Creating an inclusive work environment should be at the top of every business leader’s list of priorities. From the #MeToo movement to the corporate scandals in the news, we are constantly reminded of the need to be respectful and inclusive in our interactions. Part of any people strategy is an emphasis on diversity and inclusion.
A diverse workplace is one in which a variety of people from different backgrounds work. An inclusive workplace is one in which various policies and behaviors recognize and celebrate those differences, with everyone having the same access to opportunities. Are you taking the steps necessary to create both in your workplace?
Knowing how to create a space where all of your employees feel welcomed and included is one aspect of being a strong business leader. Here are a few ways to build a more inclusive workplace.
Start a Conversation Around Inclusion
Create a solid communication strategy by making sure that everyone — especially those in leadership — is aware of the company’s diversity and inclusion goals. Next, make sure that everyone feels welcome to share their insights, observations, and perspectives. These conversations are not easy and can often result in differences in opinion. Being able to have constructive conversations about difficult topics is part of developing your team’s leadership capabilities.
Ask Questions & Listen Closely
Employees need to know that they’re being heard, and that their concerns will be addressed. Invite team members to share their feelings about the work environment and culture on a regular basis. Consider having a monthly roundtable where employees can give their input on what is going well and what is not.
Celebrate Success and Share Responsibilities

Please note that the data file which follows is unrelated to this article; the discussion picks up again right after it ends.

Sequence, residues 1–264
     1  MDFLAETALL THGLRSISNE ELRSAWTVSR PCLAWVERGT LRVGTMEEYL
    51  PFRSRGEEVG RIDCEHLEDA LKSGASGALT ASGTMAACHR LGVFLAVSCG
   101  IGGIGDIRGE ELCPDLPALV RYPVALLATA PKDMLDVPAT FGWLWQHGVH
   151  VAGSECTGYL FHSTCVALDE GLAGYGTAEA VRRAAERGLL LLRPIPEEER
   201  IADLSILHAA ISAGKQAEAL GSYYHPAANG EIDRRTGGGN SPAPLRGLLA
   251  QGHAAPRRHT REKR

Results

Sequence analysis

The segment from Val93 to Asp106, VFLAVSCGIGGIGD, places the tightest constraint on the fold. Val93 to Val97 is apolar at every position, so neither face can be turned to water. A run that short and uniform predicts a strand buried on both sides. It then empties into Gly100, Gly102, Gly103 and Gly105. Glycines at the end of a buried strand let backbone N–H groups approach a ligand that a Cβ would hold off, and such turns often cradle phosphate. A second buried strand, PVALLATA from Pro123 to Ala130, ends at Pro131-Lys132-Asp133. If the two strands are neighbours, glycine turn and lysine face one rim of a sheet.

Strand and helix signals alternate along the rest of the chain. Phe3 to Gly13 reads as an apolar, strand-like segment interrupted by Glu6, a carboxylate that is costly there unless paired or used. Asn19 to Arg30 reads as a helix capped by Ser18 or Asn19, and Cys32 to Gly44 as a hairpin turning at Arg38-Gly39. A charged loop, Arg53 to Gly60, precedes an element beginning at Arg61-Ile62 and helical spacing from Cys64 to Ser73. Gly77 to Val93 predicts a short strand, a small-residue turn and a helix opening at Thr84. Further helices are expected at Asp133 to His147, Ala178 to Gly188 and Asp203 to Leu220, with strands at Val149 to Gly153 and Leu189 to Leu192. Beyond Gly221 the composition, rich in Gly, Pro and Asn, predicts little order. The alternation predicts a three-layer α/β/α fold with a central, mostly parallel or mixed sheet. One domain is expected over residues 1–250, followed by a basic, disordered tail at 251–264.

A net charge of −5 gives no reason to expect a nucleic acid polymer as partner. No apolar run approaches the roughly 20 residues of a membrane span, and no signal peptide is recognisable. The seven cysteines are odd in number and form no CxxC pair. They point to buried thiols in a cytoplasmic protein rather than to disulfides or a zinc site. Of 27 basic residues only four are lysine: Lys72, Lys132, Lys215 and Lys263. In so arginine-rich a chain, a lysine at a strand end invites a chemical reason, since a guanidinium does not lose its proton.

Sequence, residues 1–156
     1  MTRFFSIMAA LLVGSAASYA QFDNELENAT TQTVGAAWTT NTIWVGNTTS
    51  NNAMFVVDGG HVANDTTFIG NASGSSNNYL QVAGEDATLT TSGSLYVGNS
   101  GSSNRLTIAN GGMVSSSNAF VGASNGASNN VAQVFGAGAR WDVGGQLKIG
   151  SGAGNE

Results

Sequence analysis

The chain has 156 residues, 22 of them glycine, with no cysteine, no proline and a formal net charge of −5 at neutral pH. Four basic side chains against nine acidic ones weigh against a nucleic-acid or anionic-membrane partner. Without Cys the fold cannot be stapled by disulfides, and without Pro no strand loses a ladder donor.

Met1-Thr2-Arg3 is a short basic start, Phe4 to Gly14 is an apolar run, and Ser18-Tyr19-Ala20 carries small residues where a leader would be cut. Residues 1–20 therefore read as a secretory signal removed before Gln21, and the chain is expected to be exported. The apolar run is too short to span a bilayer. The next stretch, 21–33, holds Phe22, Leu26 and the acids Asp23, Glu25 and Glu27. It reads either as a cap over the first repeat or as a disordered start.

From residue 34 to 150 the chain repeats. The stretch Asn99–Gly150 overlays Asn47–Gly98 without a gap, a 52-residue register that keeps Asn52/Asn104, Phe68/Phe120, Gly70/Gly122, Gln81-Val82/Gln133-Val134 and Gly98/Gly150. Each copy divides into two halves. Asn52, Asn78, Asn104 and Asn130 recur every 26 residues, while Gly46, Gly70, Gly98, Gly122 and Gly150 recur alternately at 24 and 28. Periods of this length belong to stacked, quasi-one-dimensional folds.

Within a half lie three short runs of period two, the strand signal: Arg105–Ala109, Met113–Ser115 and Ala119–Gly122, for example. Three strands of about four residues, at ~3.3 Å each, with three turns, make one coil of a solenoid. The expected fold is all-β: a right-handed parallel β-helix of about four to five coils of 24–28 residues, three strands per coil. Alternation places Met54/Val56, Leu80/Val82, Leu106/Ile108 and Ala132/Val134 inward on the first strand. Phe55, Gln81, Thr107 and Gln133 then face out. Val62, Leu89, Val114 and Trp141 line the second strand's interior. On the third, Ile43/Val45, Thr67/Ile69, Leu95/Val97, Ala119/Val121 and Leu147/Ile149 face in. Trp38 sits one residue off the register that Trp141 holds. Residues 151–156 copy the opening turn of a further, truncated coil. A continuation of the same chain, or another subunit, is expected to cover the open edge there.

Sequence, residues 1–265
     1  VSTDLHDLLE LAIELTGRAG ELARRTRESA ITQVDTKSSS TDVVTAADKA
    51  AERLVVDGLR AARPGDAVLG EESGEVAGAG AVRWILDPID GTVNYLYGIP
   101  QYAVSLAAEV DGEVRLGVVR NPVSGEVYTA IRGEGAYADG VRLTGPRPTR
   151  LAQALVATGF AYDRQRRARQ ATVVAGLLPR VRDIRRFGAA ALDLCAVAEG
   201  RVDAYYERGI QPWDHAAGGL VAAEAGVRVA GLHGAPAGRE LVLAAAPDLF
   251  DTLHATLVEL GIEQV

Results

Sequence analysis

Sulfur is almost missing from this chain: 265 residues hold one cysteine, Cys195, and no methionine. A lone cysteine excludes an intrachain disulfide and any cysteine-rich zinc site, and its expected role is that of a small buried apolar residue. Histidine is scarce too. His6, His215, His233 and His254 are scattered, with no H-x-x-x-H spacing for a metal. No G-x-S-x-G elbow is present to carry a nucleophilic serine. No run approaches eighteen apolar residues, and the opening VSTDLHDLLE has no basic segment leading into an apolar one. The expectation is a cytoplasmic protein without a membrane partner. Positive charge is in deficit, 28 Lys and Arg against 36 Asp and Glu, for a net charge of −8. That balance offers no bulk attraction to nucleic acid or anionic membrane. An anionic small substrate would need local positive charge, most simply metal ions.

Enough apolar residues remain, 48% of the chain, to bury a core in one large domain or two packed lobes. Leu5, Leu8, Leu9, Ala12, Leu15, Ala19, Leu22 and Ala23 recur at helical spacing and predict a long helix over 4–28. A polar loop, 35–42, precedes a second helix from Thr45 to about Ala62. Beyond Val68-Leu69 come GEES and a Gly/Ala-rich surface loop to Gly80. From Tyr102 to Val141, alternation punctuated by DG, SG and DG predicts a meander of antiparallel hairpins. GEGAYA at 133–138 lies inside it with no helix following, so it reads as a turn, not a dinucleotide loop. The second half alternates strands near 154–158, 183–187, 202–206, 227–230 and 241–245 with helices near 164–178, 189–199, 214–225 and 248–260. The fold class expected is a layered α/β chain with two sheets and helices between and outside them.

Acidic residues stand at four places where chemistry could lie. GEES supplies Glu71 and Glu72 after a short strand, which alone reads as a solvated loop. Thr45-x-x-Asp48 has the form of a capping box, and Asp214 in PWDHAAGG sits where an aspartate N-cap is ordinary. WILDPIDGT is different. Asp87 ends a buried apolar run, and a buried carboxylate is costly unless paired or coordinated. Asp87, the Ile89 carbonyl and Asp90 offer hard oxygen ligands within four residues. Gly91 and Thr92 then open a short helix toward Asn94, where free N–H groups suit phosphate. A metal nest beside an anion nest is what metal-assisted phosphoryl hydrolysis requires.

Making sure everyone has an equal opportunity to participate is crucial to building an inclusive workplace. Each employee wants to know that their contributions matter to the company.
Show that you value your team members for the work they do by recognizing their successes in group meetings. If you know someone has done a fantastic job recently, say so! If you know an employee excels at certain types of tasks, tell them you believe they’re the perfect person to take on a certain task.
And when there are opportunities to lead new projects, be sure to review who has had opportunities to do so in the past versus who has not. Those who have not may need to be encouraged to demonstrate they can take on more challenging work. Be sure that everyone has an opportunity to grow and develop their skills. It provides them with meaningful ways of contributing and allows you to grow your team’s capabilities. It also proves your commitment to inclusion.
Creating a work environment that is focused on building trust, demonstrating respect, and that allows everyone to show up as their authentic self is unusual. Ask if your organization is fair to all employees. Ask if supervisors create a trusting and open environment. Ask if workers are confident leaders will do the right thing if discrimination concerns are raised.
Perceived bias in hiring, assigning work, evaluating compensation, determining who has high potential, assessing performance, and making promotions can instantly erase an employee's belief that the company is genuinely committed to diversity. And that goes for all workers, whether in the minority or not.
And it can take years to reestablish credibility with your employees once their trust in you and others in leadership is broken.
Talk with an HR Consultant
I’m Denise Liebetrau, a Human Resources Consultant with over 20 years of experience in HR. I started Prosper Consulting to help growing businesses, executives, and HR teams design great pay programs and keep talented employees focused on the right business results. Schedule a free strategy call with me today!